• The backrest, like the seat, can be adapted to the morphology of the patient's back by modelling it directly on the patient. This part is the main support for the patient's back and therefore ensures stable support for the upper trunk. On the other hand, this part is variable in height, it will gain in height depending on the patient's need for postural control.
• The abductor block allows the seat to adjust as much as possible to the patient's pelvis and thus prevents the patient from sliding forward.
As for the manufacturing process of the seat and backrest, it is optimised to two single phases: first, they are prefabricated with 3D technology, more specifically, they are built flat (unfolded) and surrounded perimetrically by a series of strategically placed elongated rectangular tabs; and then they are moulded on the patient.
Consequently, this device makes it possible, on the one hand, to mould with simple tools such as a hair dryer, which is easily accessible; and, on the other hand, the patient does not have to remain immobile in uncomfortable positions for long periods of time as occurs in the production of plaster seats, also avoiding uncomfortable sensations.
It is recommended that this whole process be carried out or supervised by a specialised therapist.
In detail, the clinical problems solved by the use of the seat, and the objectives sought by the pelvic seat are:
o Control the progression of musculoskeletal deformities.
o To reinforce the therapeutic objectives.
o To improve postural control.
o Minimise abnormal reflexes, postures and tone.
o Postural adjustment training.
o Avoiding the kyphotic position that they tend to acquire with incorrect postures that they adopt.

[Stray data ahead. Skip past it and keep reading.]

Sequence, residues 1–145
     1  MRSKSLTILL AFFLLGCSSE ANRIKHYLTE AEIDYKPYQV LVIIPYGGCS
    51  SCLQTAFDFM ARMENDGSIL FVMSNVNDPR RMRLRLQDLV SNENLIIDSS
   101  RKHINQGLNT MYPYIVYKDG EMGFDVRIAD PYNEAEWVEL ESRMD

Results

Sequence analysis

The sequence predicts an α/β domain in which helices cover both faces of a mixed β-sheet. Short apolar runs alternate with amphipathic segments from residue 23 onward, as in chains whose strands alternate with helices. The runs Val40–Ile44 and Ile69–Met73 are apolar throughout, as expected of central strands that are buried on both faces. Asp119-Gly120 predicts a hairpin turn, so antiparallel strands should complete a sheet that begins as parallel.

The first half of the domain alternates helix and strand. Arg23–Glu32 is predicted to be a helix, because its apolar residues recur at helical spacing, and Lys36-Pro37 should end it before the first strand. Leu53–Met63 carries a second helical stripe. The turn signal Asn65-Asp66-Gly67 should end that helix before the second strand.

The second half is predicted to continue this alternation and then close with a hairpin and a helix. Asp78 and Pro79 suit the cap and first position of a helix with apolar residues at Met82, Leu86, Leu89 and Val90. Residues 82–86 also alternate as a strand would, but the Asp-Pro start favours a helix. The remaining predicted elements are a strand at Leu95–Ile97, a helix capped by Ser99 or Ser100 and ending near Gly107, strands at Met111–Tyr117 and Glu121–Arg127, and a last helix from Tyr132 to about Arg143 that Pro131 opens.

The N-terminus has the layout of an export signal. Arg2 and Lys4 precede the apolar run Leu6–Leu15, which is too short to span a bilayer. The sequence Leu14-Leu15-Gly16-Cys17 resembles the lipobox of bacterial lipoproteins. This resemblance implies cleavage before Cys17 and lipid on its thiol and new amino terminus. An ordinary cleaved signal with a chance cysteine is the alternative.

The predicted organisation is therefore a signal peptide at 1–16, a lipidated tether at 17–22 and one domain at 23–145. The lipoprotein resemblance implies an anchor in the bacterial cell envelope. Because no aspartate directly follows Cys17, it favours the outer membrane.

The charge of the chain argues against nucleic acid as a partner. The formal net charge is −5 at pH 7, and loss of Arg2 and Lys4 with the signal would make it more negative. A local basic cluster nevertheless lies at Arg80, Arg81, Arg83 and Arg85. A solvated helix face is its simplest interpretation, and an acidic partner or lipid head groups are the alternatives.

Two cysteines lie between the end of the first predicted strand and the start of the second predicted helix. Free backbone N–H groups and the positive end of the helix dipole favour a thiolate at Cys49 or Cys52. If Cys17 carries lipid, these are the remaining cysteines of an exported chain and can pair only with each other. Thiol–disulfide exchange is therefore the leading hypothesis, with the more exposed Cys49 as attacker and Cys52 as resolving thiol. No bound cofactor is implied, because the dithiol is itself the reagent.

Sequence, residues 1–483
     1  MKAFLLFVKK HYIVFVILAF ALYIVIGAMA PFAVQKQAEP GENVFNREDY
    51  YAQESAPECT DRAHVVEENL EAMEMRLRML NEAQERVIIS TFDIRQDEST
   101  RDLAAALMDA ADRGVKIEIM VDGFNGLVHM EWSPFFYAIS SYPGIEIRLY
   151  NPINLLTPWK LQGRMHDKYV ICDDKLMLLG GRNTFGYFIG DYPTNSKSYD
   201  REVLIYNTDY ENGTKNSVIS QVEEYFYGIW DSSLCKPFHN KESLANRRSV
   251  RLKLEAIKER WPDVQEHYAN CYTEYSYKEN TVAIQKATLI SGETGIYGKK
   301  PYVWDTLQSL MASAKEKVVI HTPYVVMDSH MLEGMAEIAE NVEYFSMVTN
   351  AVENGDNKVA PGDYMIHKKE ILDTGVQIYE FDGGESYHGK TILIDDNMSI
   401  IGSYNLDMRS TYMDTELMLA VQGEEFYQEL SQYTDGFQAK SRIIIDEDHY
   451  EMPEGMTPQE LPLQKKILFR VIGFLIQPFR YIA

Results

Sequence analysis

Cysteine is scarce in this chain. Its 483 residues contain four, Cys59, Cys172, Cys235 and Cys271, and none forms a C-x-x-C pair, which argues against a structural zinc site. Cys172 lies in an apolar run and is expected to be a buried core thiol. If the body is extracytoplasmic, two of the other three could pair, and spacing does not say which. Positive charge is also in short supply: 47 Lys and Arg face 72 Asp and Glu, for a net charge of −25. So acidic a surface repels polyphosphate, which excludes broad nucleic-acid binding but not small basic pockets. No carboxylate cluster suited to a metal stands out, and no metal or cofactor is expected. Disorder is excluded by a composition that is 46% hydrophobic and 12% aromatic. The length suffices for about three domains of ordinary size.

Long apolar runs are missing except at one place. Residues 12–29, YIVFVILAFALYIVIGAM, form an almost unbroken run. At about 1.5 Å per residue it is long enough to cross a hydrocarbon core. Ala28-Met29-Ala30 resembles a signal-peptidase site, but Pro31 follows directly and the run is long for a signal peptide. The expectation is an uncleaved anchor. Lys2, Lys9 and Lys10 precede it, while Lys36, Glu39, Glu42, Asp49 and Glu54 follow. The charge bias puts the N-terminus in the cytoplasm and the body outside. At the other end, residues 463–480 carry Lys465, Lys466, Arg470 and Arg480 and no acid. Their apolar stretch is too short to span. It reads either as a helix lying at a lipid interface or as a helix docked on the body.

o To avoid possible alterations at hip level, such as dislocation.
o To leave the upper limbs free to manipulate, discover their environment or play, as they do not have to control their base of support with them.
o Ensure that the patient sits in such a way that the weight of their body is symmetrical on both sides of the pelvis.
• Low cost of materials and equipment needed.
• Speed of manufacture.
• Freedom of design that allows to approach the personal and intrinsic needs of the user, going beyond the clinical needs (on which the conventional prosthetic production sector focuses due to issues of final costs and number of units).
• Potential worldwide manufacturing, giving the user or rehabilitation professional the possibility of self-manufacturing and customising their own device, which also means savings in logistics and distribution.
The current prototype is the result of the participation of different people with motor functional diversity with whom the dimensions and performance of the pelvic seat have been tested and adjusted. It is therefore a device that perfectly fulfils the intended objectives.
It is mainly aimed at the assistive technology sector and improving people's quality of life and, more specifically, at the field of pediatric neuro-rehabilitation.
3D printing or additive manufacturing is a technique that can be applied to satisfy any need, in any field, that a person may have. It is especially useful for people with functional diversity with very personal problems in fields such as medicine, education, work or mobility.
From ArtefactosLAB, the DIDET group is looking for companies or institutions interested in supporting the development of the pelvic seat or in the design and manufacture of other new devices for social purposes.
This technology is protected by a utility model application:
• Title of the utility model: "Asiento pélvico termoconformable directamente sobre el paciente "
• Application number: P202130680
• Date of application: 16/07/2021
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Tel.: (+34) 965 90 9959